most common arthritis in older adults Osteoarthritis (OA) is the degenerative form of joint arthritis. It is a progressive joint disease associated with aging. In the spine, OA can affect the facet joints, the ...
most common arthritis in older adultshow to most common arthritis in older adults for The diagnosis of any disease usually progresses along a well defined path that has three parts: a history of the complaint, blood tests and, usually, imaging (x-rays or scans). "" is a term that refers to the results of blood tests.
The blood test that is ordered by the doctor in order to help establish the diagnosis of rheumatoid arthritis (RA) is looking for the presence of two proteins in the blood. One of them is called rheumatoid factor (RF). This is a very old but tried and tested investigation that was first introduced into rheumatology in the 1940s. The other test is called anti-CCP (or ACPA) and is more recent. Anti-CCP is more sensitive than RF and may appear much earlier in the course of RA.
The presence of either of these tests may indicate that RA is present. However seropositivity is only one criterion of several that makes the diagnosis of RA likely (some of the other criteria are outlined in the next section). If the other criteria for the diagnosis are present then seropositivity is an additional clinching factor. A positive anti-CCP test is marginally stronger than positive RF test for the diagnosis.
A positive RF or anti-CCP test does not mean that you have RA. Other features must be present such as symptoms of pain and swelling in the joints, involvement of many joints with inflammation, morning stiffness in the joints for longer than 45 min, x-ray evidence of the characteristic bone damage in the joints and extra-articular features of RA (meaning features that are outside the joints), such as nodules. Other blood tests commonly used prior to diagnosis include ESR and CRP, which measure the amount of inflammation in the joints. For more information on blood tests please see our article: ‘Laboratory tests used in the diagnosis and monitoring of rheumatoid arthritis.’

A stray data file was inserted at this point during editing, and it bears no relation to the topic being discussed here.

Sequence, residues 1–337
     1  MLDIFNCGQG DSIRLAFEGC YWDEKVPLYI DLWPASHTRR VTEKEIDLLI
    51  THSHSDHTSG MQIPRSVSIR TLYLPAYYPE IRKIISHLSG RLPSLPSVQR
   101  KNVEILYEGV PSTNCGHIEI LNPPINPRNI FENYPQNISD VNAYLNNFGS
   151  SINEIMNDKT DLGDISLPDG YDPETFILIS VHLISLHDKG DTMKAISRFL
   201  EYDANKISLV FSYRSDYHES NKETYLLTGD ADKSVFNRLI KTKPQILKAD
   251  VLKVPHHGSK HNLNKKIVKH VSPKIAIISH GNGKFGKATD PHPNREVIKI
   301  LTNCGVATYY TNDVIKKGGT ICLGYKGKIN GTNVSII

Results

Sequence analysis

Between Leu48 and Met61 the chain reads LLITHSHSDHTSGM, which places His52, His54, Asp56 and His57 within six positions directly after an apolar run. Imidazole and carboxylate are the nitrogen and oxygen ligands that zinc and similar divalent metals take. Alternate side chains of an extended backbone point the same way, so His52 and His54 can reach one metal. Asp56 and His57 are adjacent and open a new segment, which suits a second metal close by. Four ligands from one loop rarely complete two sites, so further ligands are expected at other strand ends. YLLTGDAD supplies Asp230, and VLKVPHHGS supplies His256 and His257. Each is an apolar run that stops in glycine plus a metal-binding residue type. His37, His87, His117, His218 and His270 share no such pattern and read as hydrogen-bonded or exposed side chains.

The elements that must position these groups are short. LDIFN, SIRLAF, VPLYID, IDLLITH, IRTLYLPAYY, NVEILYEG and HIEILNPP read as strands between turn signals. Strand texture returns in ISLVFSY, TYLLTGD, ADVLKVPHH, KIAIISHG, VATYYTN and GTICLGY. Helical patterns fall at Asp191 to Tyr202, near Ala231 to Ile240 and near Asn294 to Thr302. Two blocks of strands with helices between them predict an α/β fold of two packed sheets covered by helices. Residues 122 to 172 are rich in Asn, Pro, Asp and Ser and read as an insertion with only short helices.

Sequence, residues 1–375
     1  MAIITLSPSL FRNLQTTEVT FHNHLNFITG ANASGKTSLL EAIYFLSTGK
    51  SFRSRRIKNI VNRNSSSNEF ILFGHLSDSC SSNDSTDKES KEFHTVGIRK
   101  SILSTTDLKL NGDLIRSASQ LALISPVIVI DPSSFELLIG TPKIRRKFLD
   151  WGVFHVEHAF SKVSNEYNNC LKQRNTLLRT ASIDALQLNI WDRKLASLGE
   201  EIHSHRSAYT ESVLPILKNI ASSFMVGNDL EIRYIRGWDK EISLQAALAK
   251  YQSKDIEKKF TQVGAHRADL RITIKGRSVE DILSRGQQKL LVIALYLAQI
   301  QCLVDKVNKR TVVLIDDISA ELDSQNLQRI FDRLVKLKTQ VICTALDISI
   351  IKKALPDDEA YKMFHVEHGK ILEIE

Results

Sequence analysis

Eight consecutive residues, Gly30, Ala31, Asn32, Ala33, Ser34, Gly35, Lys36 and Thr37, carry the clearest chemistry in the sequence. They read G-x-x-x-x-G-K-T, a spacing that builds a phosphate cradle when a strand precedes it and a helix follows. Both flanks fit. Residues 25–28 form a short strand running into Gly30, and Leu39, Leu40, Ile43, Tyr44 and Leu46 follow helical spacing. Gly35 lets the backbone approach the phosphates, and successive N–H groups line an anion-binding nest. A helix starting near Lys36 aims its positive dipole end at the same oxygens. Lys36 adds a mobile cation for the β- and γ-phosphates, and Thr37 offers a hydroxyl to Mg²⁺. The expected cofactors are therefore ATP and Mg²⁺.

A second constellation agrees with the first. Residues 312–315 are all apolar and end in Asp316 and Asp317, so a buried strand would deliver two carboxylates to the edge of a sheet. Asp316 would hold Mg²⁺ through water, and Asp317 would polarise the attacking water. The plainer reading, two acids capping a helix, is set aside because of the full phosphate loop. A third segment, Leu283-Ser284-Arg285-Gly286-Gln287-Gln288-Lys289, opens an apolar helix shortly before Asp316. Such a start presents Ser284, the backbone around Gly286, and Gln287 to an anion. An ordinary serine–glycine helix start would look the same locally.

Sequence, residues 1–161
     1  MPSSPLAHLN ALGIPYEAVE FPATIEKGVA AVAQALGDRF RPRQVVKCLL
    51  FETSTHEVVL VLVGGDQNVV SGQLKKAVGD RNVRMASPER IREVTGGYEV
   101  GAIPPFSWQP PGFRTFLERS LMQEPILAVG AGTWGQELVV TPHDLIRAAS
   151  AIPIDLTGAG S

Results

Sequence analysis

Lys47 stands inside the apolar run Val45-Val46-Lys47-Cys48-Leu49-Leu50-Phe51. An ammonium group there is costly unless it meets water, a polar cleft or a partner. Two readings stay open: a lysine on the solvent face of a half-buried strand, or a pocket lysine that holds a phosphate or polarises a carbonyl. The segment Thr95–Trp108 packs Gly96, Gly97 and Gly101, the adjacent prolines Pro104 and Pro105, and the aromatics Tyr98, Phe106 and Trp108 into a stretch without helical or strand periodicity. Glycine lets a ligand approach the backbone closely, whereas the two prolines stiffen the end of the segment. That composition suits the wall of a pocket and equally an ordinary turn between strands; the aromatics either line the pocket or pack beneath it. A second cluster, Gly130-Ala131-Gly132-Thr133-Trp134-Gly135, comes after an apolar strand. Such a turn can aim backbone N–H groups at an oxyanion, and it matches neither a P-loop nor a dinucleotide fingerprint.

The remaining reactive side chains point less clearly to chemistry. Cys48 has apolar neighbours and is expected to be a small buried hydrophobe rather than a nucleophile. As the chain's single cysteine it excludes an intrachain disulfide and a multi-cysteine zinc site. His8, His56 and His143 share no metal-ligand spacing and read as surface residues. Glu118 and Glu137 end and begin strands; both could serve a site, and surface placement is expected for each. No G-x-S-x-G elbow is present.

As a rule patients who are seropositive for RF and/or anti-CCP are more likely to have more severe RA but neither of these tests can accurately predict the future course of the disease in an individual patient.
As well as seropositive patients having a greater likelihood of developing more serious disease, they are also more likely to have extra-articular complications (such as nodules and vasculitis - see individual NRAS articles for for 1 last update 2020/08/05 more information) than those who are seronegative. Patients seronegative for RF and anti-CCP may have a different form of inflammatory arthritis for example psoriasis related arthritis or a spondyloarthropathy.As well as seropositive patients having a greater likelihood of developing more serious disease, they are also more likely to have extra-articular complications (such as nodules and vasculitis - see individual NRAS articles for more information) than those who are seronegative. Patients seronegative for RF and anti-CCP may have a different form of inflammatory arthritis for example psoriasis related arthritis or a spondyloarthropathy.
Whilst the efficacy of most medications for RA is not affected by whether someone is seropositive or seronegative, evidence suggests that patients who are seronegative for both RF and anti-CCP do not respond as well to rituximab as patients who are sero-positive for one or both.
References available on request